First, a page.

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Book: Body Talk and Cultural Identity in the African World

Chapter: 1. What Traditional Dances Tell Us about African Cultural Identity in Puerto Rico and Trinidad

DOI: 10.1558/equinox.24089


The uneven historical record has little enough to tell us about which African ethnic groups lived in areas of the Caribbean as a result of the Trans-Atlantic Slave Trade. While their African linguistic heritage is notably different, in both Puerto Rico and Trinidad words such as bomba, bamboula, and kalinda survive, as do contemporary versions of the dances they refer to. Once banned in various locales, the dances are now performed in government-sponsored venues of “high culture.” Yet, what the dances reveal about African-Caribbean ethnicity remains in dispute. Adapting the linguistic model presented in Salikoko Mufwene’s (2001) The Ecology of Language Evolution, this chapter proposes that the contradictory claims made about the Puerto Rican and Trinidadian dances’ provenance reflect an insufficient appreciation of the degree to which individual cultural features have been selected and creatively recombined. It disentangles the ethnic influences in these Caribbean dances by comparing historical depictions and current practice to the characteristics of contemporary dance forms in West and Central Africa, supplemented by etymological information regarding the dance names. Despite the passage of hundreds of years, the movements in these dances have much to communicate and contribute to our understanding of the Caribbean, past and present.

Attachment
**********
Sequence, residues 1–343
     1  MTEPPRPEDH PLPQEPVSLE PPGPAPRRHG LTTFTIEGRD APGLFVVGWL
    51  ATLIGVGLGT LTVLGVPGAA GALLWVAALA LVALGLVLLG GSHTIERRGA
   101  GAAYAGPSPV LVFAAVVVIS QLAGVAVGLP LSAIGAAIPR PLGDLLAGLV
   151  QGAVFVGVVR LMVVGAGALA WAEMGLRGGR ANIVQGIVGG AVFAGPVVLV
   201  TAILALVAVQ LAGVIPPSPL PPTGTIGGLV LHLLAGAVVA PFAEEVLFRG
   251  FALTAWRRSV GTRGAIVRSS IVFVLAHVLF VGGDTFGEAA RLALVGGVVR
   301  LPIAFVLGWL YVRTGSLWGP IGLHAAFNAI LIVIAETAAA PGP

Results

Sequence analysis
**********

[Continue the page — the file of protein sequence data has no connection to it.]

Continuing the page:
Chapter Contributors

  • Ann Albuyeh ( - aalbuyeh) 'University of Puerto Rico'